Now, there is a good deal of evidence in favor of the opinion that many of these societies are in the hands of secret leaders, and are managed on principles ill-according with Christianity and the public well-being; and that they do their utmost to get within their grasp the whole field of labor, and force working men either to join them or to starve. Under these circumstances Christian working men must do one of two things: either join associations in which their religion will be exposed to peril, or form associations among themselves and unite their forces so as to shake off courageously the yoke of so unrighteous and intolerable an oppression. No one who does not wish to expose man’s chief good to extreme risk will for a moment hesitate to say that the second alternative should by all means be adopted.
Pope Leo XIII, Rerum Novarum
Klavan on the Culture, you are correct! Public employee unions, by funding Democrats and providing election workers, effectively were able largely to write their own compensation packages, taxpayer be hanged. It was a decades long merry party at the expense of the public, and many states are on the verge of bankruptcy as a result. The battle over public employee unions is just the opening round in a huge political fight across the nation as the states, which are unable to simply print money as the federal government does, desperately grapple with looming fiscal insolvency. Change is coming as change often does: brought about by onrushing reality. Continue reading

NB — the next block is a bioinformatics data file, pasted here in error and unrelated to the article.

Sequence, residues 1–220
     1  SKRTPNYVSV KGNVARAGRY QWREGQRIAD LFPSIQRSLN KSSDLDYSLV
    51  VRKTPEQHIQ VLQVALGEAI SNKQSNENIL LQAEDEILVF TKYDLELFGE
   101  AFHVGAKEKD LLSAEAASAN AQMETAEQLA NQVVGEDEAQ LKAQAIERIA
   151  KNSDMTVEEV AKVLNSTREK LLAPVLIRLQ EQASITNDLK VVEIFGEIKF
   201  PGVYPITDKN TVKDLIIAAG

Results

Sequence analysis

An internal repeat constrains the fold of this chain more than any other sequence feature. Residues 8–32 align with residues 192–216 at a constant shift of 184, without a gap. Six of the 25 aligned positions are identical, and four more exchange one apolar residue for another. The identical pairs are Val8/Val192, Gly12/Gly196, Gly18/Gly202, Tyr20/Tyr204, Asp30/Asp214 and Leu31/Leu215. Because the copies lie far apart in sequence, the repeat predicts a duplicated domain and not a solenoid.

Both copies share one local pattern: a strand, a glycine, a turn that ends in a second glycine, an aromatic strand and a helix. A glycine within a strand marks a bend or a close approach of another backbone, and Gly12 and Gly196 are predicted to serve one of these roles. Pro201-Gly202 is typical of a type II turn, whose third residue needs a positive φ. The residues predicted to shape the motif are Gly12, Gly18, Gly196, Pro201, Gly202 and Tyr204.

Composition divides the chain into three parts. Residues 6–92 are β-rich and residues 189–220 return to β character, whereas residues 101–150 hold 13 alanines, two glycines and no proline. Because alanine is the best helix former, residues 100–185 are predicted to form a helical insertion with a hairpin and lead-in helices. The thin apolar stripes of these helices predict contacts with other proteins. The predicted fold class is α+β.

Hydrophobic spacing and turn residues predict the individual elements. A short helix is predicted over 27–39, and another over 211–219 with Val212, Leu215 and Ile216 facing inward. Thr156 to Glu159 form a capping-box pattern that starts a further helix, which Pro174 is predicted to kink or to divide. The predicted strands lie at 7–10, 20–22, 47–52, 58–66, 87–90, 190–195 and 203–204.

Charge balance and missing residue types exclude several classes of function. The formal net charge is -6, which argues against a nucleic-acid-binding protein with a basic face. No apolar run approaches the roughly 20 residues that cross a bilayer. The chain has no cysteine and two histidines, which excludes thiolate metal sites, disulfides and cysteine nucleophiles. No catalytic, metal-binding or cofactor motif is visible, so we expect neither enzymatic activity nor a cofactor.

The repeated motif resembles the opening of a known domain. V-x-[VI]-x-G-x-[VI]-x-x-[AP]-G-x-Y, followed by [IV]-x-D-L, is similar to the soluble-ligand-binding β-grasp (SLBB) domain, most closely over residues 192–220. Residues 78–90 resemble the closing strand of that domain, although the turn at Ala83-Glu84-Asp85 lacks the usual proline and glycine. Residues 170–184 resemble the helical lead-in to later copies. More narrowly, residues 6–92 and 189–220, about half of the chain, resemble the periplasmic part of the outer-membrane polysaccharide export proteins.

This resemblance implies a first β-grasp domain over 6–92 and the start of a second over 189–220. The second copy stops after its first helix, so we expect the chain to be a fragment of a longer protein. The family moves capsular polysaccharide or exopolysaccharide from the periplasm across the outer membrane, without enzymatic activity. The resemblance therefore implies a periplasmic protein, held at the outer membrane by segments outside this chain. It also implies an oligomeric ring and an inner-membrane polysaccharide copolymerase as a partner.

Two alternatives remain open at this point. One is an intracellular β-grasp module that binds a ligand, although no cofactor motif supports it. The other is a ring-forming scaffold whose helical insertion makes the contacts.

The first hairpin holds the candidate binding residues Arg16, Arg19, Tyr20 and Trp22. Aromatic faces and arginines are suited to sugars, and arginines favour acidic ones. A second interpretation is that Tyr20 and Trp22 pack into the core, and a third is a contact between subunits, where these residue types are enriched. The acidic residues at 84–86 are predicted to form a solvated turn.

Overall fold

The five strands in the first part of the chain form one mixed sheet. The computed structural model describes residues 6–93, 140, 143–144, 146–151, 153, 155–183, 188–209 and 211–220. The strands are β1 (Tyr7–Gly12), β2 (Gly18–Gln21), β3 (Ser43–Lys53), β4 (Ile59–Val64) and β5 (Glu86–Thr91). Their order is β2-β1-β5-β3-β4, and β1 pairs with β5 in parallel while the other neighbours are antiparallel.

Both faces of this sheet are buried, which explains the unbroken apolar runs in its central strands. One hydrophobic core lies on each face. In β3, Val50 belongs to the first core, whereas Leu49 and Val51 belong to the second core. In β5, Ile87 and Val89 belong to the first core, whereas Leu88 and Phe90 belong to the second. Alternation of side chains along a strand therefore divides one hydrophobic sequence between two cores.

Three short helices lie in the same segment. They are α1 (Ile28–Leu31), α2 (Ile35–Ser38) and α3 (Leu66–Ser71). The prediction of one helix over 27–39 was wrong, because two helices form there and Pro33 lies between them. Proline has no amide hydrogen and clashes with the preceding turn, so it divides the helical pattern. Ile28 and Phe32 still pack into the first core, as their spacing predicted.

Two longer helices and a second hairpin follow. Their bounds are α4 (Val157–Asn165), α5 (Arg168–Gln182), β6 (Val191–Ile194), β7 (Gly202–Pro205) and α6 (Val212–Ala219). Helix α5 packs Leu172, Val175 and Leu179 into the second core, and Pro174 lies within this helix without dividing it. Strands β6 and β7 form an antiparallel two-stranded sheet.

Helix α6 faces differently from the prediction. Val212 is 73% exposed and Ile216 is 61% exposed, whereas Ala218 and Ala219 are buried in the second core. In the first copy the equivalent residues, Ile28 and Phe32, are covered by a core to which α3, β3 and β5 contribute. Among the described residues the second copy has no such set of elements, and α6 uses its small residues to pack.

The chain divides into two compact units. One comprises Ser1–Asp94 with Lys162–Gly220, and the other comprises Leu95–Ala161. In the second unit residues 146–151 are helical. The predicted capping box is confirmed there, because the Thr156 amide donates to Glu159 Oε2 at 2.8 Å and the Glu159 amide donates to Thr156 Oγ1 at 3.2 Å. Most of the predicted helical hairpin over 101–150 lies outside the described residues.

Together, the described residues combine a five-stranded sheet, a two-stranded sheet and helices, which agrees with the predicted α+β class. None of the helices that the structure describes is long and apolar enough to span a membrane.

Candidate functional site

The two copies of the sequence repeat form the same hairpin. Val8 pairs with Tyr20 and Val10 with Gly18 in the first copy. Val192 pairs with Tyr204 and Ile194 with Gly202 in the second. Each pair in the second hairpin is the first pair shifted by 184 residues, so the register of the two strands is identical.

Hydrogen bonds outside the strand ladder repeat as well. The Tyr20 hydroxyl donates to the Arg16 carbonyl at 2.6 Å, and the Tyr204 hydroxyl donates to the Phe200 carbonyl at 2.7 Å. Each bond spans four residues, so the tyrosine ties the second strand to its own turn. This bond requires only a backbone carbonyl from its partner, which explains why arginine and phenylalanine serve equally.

(Cross-posted at Acts of the Apostasy)
Not every show that gets presented to the folks at EWTN makes it past the sales pitch. It’s just like Hollywood, without the couch. Seriously. You think it’s just some nuns and a few execs sitting with Raymond Arroyo and Fr Mitch brainstorming over a pot of Fr Leo’s “What Really Happened To The Lost Sheep” Stew? No way – writers and developers from the world over submit scripts and treatments all the time. And not just inspirational programs that teach the faith, either. I’m talking comedies, dramas, reality – the whole gamut.
Good shows like The Apostle of Common Sense, Threshold of Hope and Life On The Rock made the cut. However, many, many of them never see the light of day. Until now.
Here are the Top Ten Rejected Shows At EWTN: